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Tax Tips For College Graduates

Now that college is over and you’ve graduated, it is time to begin living in the world of work and taxes. Here are some of the essential tax tips for you.

Job Related Relocation

Everyone understands that the job market is not as good as it once was, and this can be frightening for a new graduate entering the workforce. The good thing is that there are useful tax deductions that will be very helpful if you must relocate for a job that is 50 or more miles away. However, the rules are complex and you may want to speak to a tax professional to make sure your expenses do qualify. By way of example, gasoline and hotel costs can be claimed, whilst food cannot.

Avoid Credit Predators

While this isn’t technically tax guidance, it’s a good idea to beware of lenders that prey on college grads. Credit card companies will keep doing so after graduation, even after they target graduate students with on campus promoters. Then you’ll have extra money, if you stay away from opening countless accounts your entire tax liabilities can be paid by you.

Student Loan Interest

You can now benefit from the student loan interest deduction, if you took out any student loans that will help you cover college fees. It enables you to subtract the interest paid on your own loans, which may be a chunk of change to many graduates. Once your income reaches an amount of ,000 the deduction does start to phase out. To find out more, check out page 28 of the IRS publication.

Standard Deduction vs Itemizing

Most college graduates are going to settle for the deduction of ,450. If you’re a married grad, you can take the deduction of $10,900, and also $ 8,000 can be claimed by heads of family. You should also look at the advantages of itemizing your return, although taking the normal deduction will make preparing your returns substantially more easy. Then you may seek the option of itemize for maximum savings if you believe that your number of deductions and credits will exceed your standard deduction. This might seem hard, but most tax professionals – and even tax preparation programs – can easily tell you not or if you would be benefited by choosing the standard deduction.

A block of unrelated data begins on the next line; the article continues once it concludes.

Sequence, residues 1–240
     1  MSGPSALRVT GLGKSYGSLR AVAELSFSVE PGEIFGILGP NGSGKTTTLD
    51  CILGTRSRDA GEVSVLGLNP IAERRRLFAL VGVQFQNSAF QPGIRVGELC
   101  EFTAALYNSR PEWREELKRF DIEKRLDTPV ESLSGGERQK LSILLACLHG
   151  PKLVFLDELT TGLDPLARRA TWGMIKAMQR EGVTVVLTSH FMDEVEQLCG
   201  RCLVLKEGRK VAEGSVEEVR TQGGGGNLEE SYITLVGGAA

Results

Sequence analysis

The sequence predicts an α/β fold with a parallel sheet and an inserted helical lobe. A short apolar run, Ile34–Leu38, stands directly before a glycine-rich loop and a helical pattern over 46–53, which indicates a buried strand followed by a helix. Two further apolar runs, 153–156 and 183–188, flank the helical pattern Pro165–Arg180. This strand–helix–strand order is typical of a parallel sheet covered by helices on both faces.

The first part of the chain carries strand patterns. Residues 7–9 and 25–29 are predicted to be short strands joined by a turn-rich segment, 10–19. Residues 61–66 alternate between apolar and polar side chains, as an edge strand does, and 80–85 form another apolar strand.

Charitable Donations

The charitable contributions deduction can be helpful to college graduates while any taxpayer can claim this credit. If you had to downsize to relocate for a new job, or contributed lots of your books that are older, then be sure to keep track of the items you donate. It is your choice to deduct the value of all items you happen to donate, provided you itemize your return and carry evidence of your donation.

Self-Employment

This year more than ever, college graduates – particularly those majoring in a technology related field – are thinking about self-employment. Luckily for them, there are dozens of deductions and tax credits available on the market for self-employed individuals.

On completing your education, a new stage in your life starts. You may continue with your education or may watch out for a job. In all these actions there is an element of taxation included.